I was 18 when Kung Fu came to television. Carradine’s charater Kwai Chang Caine fasinated me. The juxtaposition of passive demeaner and explosions of violence was something I had never considered.

At the time I was part of a Christian High school group; I didn’t really believe, I was just madly in lust with one of the female members of the group.  Kwai Chang Caine however, caused me to seriously examine the question of spirituality.  I sought out instruction in Eastern philosophy and eventually wound up learning from a Buddist instructor at the same time that I was attending a Baptist congregation.  He often commented on the teachings of Jesus and thought that the Jewish rabbi must have been exposed to Buddist teachings at some point.

His take on Jesus’ teaching was, however, somewhat different from what I was learning in the Baptist church. When I would tell him what my pastor had told me a passage meant he would often respond with, “Really? But that’s not what He said.” It was this exposure to non-Christian examination of scripture that caused me to take a serious personal look at the Bible rather than just accepting what I was told it meant.

Eventually both the girl and the Buddist moved out of my life – but Jesus remained. And so did a desire to fully understand the context of what Jesus was saying.  All of which has, of course, contributed to who I am today.

Even though he played a relatively small role in my spiritual development, I followed Carradines career with more than a passing intertest. It is said, “A journey of a thousand miles begins with a single step” and Kwai Chang Caine was the motivation for that first step. And so I find myself feeling a small measure of indebtedness to the character and the  actor.

When I learned of his death however, it was not any of the King Fu scenes that came to mind.  (No I don’t buy the suicide angle, neither do I think the asian Mafia had him killed.) No, my favorite Carradine moment will always be the Superman speech from Kill Bill 2. It’s a great commentary on the nature of masks and identity.  I think it stuck in my mind because of the fact that Superman is one of the most widely distributed archetypes of Christ, which puts an interesting slant on the commentary.

(For the more sensitive among you – brief bad language advisory.)

40 Lashes for 5 Loaves of Bread?

If anyone thinks he is religious and does not bridle his tongue but deceives his heart, this person’s religion is worthless. Religion that is pure and undefiled before God, the Father, is this: to visit orphans and widows in their affliction, and to keep oneself unstained from the world. (James 1:26-27 ESV)

There’s a story by Maggie Michael of the Associated Press in today’s Toronto Sun that seems to fly in the face of James’ definition of true religion.   It appears that a 75 year old widow in Saudi Arabia asked her late husband’s nephew and his business partner to save her a trip to the market and bring 5 loaves of bread around for her.  Seems like a reasonable request to us, but the Saudi religious police arrested the trio after the bread was delivered and charged the woman with “illegal mingling” with men who are not close relatives.

The 75 year old Syrian woman (her late husband was Saudi) was convicted as a result of “citizen information” (she was ratted out by her late husband’s brother) and her conviction was confirmed because “she doesn’t have a husband and because she is not a Saudi.”  She has been sentenced to 40 lashes, followed by 4 months in jail to be followed by deportation back to Syria.  The two men also were sentenced to lashes and jail time.  Her lawyer will appeal.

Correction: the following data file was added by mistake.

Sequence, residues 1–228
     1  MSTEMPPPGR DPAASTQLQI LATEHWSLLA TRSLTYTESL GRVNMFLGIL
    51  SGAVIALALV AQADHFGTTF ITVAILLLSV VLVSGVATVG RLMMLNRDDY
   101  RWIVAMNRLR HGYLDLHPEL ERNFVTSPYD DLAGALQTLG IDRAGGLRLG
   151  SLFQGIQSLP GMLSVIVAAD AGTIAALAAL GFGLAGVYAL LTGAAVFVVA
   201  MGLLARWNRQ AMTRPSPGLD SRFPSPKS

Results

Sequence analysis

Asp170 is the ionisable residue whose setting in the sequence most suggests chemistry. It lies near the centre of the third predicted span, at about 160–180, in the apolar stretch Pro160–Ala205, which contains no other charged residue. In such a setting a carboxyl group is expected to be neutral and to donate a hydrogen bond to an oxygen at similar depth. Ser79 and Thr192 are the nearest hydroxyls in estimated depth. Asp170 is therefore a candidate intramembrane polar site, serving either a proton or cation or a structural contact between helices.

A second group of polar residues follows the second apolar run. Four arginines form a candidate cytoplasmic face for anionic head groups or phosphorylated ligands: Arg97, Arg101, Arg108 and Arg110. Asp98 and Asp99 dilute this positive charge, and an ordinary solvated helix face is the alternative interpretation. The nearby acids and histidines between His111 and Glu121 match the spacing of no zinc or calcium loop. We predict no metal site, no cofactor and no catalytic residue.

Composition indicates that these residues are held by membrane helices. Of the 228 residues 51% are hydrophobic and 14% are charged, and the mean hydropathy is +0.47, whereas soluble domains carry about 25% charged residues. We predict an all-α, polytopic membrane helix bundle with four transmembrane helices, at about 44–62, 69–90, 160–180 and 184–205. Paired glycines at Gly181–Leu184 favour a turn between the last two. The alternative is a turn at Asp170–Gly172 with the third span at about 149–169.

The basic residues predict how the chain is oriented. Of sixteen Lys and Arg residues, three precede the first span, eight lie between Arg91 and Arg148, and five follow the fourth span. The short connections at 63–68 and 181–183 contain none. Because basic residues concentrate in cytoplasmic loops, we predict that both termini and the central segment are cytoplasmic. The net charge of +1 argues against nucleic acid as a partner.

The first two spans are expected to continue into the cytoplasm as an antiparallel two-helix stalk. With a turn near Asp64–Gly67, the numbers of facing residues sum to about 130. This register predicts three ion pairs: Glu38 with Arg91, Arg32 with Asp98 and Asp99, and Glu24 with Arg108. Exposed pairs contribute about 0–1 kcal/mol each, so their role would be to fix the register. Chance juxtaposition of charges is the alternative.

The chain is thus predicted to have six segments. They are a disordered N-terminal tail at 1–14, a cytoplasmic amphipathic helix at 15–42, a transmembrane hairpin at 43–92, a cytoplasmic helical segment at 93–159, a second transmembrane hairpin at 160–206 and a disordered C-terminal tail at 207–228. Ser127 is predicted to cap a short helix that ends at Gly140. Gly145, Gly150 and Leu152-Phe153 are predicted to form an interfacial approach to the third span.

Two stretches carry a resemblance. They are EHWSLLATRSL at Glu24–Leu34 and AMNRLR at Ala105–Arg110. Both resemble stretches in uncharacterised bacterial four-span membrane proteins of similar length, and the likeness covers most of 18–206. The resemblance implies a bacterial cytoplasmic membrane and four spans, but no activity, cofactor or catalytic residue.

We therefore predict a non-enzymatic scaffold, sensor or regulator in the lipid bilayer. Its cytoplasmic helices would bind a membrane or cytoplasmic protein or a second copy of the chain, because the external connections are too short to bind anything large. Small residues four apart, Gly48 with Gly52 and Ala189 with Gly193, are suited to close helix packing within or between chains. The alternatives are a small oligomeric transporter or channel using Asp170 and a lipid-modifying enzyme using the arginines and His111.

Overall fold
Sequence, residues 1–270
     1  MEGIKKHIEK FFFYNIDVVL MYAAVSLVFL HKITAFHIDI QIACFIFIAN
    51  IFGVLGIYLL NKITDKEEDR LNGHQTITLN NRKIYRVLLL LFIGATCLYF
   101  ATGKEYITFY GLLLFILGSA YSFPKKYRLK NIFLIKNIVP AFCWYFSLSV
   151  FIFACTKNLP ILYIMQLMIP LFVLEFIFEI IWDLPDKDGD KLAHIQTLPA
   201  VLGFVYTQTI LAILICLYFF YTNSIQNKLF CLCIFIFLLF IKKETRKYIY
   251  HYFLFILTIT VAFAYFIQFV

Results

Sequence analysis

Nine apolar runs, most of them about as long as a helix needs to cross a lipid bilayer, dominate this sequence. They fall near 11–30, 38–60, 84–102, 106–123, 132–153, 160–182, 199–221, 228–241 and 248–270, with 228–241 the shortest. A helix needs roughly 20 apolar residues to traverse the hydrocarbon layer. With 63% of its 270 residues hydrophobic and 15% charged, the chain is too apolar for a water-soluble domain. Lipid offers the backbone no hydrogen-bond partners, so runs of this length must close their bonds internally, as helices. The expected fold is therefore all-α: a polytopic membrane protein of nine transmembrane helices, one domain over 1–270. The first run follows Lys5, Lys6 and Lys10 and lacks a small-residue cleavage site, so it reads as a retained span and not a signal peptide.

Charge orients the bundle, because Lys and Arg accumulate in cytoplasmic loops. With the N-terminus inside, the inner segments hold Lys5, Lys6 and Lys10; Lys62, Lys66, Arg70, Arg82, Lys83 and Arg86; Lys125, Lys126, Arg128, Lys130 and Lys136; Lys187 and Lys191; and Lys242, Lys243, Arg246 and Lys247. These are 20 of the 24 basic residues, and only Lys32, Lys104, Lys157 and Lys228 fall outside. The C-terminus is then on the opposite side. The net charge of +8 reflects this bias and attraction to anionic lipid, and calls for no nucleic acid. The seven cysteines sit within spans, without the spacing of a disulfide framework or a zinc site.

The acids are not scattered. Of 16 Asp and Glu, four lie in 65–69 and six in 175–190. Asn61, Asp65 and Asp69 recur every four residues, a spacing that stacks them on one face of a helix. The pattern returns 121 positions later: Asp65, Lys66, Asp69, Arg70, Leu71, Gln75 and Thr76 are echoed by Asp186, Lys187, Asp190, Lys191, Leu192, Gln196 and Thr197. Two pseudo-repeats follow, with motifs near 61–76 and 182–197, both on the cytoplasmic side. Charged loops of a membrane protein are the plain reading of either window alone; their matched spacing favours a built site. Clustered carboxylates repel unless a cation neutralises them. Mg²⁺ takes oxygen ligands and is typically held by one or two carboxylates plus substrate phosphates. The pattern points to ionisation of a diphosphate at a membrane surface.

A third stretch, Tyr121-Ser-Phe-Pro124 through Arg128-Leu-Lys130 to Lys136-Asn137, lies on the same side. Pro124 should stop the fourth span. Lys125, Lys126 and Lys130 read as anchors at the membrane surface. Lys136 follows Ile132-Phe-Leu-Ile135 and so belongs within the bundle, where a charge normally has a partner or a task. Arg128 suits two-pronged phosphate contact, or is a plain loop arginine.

Now I will be the first to admit I’m no expert on Islam or Mohammed. I’ve only read the Koran once and that was some time ago. But I really have a hard time believing that lashing a 75 year old widow for “corrupting the morals of young men” because they did her the favour of delivering bread was what the Prophet had in mind. And to be sure it would seem that even in the Muslim world this level of fundamentalism is pretty much restricted to Saudi Arabia and is garnering criticism even from Muslim quarters.  But this post is not about the horrors of fundamentalist Islam.

It’s about Christian fundamentalism and the separation of church and state.

As I mentioned in my review of ‘Nine Parts of Desire‘ (see book list) whenever I read about Muslim abuses I find myself thinking about the sordid history of my own religion.  Since the days of Constantine whenever the church has found itself in the role of Head of State it has inevitably led to abuse of the general populace.  It has been said that “absolute power corrupts absolutely” and it would seem the church is even more susceptible to this since they feel they have a direct link to the source of absolution. (pun intended)

And it doesn’t seem to make a lot of difference what flavour of Christian you may claim to be.  The Reformationists in Europe where fully justified in throwing off the ‘shackles of Rome’ because of the corruption that had found it’s way into the papal system; however, once in power their persecution and execution of ‘heretics’ for such infractions as baptizing an adult soon came close to making the Spanish Inquisition look like a sleepless night a Guantanamo.

It’s no wonder that the Anabaptists started pushing for separation of church and state. Even though the idea appears to fly in the face of Old Testament theocracy, given the predisposition to tyranny displayed by so called Christian governments, it does seem to be the better option. Of course this too was opposed with many European monarchs, such as Austria, effectively declaring open season on anyone even suspected of being a “separatist”.

Which brings us to the present day. The lines being drawn in the U.S. and Canada between believers and humanists, conservatives and liberals, and the barrage of rhetoric being lobbed back and forth between them lead me to believe that a “Christian” party in power in a modern democracy would be no less tyrannical then their neo-Roman predecessors; only the manifestation of that tyranny would differ.  This has led me to the conclusion that ‘Christian politics’ is just not a great idea.

Not that I think Christians shouldn’t hold politicians accountable on moral issues, we are certainly called to be the collective conscience of the nation. And the best way we can do that is at the ballot box voting out those whose professed neutrality actually leans more to the dark side.  But when I hear talk of ‘Christian government’ it makes me cringe just as much as the idea of Saudi religious police. The greatest ‘real and present danger’ we face is when we try to translate personal morality into government policy. People being people, I just don’t think it can ever work.

The only Christian government that will ever succeed in achieving true justice will be the government led by Christ himself in the next age. Until then, as much as I hate to admit it, politics might possibly best be left in the hands of the morally neutral.